When Robert Griffin III was named the starter by Jay Gruden two months ago, fans and some members of the media questioned the timing of the announcement. The regular season, after all, was still seven months away.
Joe Theismann, however, was not among them. In fact, the former Redskins quarterback and current broadcaster says he backed Gruden’s decision.
“I’m glad that Jay named him starter,” Theismann told Redskins Nation host Larry Michael in a recent interview. “Robert knows where he is right now. Sure, Kirk [Cousins] will compete. Colt [McCoy] will compete. Because they want to become better. Both of them are very competitive individuals. But it’s Robert’s job.”
Theismann, who went 77-47 as the Redskins’ starting quarterback from 1976-1985, also offered some advice to Griffin, who is attempting to rebound from a second straight subpar season.
“The most important thing for Robert is, No. 1) don’t worry about what anybody says and, No. 2) understand what your role is in this offense,” Theismann told Michael. “It is not to be the running back and rush for 900 yards. It’s to make sure that Alfred Morris can rush for 1,500, to keep the chains moving so that other people can [get] more downs. Give yourself a chance to make more plays and [No. 3] protect yourself. One of my credos to any young quarterback is real simple: your No. 1 responsibility is to keep yourself healthy enough to be able to practice and play every game and every day. If you do that, you’re going to work every day and you’re going to get better just because of the fact that you’re out there.”
Theismann also said he’d like to see Griffin hone his skills in the pocket and trust his teammates to make plays for him.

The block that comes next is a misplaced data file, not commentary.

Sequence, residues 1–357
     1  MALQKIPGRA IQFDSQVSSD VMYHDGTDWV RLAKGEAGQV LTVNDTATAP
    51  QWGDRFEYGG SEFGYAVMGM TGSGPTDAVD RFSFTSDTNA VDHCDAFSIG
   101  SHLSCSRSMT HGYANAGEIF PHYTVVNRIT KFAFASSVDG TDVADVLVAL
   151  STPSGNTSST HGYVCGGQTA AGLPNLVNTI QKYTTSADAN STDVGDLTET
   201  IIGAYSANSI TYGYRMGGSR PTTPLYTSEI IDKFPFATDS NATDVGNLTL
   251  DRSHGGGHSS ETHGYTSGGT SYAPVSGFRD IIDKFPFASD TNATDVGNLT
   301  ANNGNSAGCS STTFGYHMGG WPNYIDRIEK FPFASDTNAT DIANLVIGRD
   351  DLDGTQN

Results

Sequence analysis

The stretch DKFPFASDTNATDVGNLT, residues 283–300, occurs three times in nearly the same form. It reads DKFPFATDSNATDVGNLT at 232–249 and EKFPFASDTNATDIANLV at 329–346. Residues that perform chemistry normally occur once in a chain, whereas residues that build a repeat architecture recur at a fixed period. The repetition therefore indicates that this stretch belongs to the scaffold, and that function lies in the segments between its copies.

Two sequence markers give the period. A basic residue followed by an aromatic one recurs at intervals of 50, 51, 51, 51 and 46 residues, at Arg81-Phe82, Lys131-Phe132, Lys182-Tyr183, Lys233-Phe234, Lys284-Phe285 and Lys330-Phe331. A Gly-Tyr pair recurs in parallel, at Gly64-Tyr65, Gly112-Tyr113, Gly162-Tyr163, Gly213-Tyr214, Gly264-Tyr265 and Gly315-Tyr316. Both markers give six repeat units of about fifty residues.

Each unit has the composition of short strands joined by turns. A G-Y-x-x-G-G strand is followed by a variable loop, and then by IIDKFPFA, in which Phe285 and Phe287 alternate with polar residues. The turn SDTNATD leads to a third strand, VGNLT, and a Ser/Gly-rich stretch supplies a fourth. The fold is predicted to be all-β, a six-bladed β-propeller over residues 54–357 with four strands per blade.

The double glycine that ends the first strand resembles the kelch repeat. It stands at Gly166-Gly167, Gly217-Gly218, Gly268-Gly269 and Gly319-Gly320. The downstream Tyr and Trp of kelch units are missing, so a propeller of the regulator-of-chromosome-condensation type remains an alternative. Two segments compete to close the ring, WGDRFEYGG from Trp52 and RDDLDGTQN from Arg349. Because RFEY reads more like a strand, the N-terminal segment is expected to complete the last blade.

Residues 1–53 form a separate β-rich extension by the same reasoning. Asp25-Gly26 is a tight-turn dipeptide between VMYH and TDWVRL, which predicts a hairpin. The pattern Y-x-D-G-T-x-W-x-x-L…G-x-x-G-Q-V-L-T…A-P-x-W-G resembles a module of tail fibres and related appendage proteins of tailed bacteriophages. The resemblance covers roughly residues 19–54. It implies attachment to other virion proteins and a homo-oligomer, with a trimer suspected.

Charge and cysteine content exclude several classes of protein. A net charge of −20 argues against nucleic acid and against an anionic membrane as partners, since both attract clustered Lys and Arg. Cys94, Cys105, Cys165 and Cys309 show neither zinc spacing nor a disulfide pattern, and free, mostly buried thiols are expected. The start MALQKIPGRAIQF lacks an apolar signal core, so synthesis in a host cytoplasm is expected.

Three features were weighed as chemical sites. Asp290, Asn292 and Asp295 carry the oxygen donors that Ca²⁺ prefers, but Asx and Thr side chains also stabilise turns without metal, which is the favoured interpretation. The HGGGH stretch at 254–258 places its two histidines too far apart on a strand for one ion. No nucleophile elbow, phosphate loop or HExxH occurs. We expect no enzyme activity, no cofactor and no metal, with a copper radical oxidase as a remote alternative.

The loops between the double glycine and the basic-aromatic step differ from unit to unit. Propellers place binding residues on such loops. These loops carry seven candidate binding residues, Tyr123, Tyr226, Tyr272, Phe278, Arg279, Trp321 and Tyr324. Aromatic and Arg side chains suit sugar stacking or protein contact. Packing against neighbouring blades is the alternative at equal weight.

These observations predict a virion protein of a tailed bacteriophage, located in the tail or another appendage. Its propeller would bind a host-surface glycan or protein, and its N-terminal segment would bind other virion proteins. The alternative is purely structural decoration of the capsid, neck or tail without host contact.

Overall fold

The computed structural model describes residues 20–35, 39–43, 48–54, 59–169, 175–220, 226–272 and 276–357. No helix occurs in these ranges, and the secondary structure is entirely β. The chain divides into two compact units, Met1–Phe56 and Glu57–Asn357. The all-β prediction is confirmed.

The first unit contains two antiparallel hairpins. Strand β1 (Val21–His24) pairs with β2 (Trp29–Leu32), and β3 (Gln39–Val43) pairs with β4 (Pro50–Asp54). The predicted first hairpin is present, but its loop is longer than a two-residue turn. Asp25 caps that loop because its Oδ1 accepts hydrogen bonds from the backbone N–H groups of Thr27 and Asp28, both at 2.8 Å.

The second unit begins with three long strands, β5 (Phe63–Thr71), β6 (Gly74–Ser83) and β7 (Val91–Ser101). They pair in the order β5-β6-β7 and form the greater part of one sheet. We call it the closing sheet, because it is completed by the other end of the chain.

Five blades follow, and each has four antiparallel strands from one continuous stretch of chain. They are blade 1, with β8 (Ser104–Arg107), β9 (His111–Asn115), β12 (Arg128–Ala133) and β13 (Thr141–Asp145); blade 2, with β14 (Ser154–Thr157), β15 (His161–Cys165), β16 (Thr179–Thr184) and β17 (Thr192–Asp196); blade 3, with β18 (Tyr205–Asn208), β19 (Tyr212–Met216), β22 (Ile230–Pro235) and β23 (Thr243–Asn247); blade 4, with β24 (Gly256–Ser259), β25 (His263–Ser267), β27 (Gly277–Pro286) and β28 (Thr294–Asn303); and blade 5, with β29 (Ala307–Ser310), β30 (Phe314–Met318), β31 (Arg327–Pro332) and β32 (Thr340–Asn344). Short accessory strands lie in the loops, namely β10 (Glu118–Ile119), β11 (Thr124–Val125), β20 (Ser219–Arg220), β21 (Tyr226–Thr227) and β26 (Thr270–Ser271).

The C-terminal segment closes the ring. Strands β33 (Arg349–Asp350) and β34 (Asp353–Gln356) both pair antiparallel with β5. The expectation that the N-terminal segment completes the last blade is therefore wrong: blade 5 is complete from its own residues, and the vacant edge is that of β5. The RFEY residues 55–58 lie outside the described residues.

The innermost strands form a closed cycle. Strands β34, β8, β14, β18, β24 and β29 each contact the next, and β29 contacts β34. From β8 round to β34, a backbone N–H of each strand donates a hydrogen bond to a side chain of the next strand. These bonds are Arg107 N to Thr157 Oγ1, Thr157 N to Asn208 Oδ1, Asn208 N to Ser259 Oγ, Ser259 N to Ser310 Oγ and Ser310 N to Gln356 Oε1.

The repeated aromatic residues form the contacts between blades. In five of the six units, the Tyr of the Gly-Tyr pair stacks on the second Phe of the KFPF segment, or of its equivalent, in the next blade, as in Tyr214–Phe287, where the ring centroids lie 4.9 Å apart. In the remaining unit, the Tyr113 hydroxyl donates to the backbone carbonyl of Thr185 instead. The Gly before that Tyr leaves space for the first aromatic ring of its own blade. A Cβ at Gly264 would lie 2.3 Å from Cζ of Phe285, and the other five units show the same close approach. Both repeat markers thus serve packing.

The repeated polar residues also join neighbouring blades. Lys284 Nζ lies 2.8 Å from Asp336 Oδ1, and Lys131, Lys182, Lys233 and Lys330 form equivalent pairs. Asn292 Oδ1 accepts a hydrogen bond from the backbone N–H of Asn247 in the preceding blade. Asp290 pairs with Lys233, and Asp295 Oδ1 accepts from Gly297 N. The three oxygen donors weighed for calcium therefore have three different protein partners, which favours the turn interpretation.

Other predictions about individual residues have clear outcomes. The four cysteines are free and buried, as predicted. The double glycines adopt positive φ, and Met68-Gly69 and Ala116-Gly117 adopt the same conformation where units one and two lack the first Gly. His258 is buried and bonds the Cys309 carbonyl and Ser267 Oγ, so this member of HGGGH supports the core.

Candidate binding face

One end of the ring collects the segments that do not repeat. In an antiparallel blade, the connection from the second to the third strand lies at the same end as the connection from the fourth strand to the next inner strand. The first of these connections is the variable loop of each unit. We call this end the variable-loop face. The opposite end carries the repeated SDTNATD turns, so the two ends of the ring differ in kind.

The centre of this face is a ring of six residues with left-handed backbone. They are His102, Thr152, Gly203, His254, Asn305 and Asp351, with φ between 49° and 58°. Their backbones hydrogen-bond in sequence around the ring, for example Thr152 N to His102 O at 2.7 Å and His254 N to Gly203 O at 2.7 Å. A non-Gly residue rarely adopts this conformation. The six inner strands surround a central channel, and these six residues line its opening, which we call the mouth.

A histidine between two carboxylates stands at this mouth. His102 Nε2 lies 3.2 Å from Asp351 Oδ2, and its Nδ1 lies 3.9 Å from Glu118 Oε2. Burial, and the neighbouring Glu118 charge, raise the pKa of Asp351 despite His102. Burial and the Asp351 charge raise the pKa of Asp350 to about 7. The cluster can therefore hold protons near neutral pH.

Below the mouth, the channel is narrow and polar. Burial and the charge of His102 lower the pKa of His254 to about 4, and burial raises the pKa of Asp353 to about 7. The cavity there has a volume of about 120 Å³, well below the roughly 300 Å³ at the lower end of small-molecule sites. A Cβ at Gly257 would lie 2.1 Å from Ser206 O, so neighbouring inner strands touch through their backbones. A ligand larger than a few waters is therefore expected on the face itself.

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“The most important thing for Robert is just focus on what you do,” Theismann said. “Focus on becoming a better pocket passer. Quicker decisions. Get ball out of your hands. And allow your teammates to be able to help you win football games.”
“He’s so competitive that he sometimes takes a tremendous burden on his own shoulders,” he added. “That’s one thing I had to learn—it wasn’t all about what I did. It was how can help the other guys do their job better?”
As for Griffin’s handling of the spotlight, Theismann says he saw significant progress in that area late in the 2014 season.
“We never had to play under this type of scrutiny, where everything we did off the field was an issue,” Theismann said, referring to Redskins’ quarterbacks from an earlier era. “Every voice inflection being analyzed. Every facial [expression] being analyzed. How you wear your hat. What you wear to an interview. How you sit in an interview. What’s implied in what you have to say. You can’t be honest. You have to be a politician.”
“Robert’s learned a lot of that over the last year,” Theismann continued. “At first, I think he came in a naïve, effervescent, healthy. Then he’s gone through the trials and tribulations, the struggles, injuries, new systems. Having to learn things that he never knew at the college level, at the professional level it's so much more difficult.”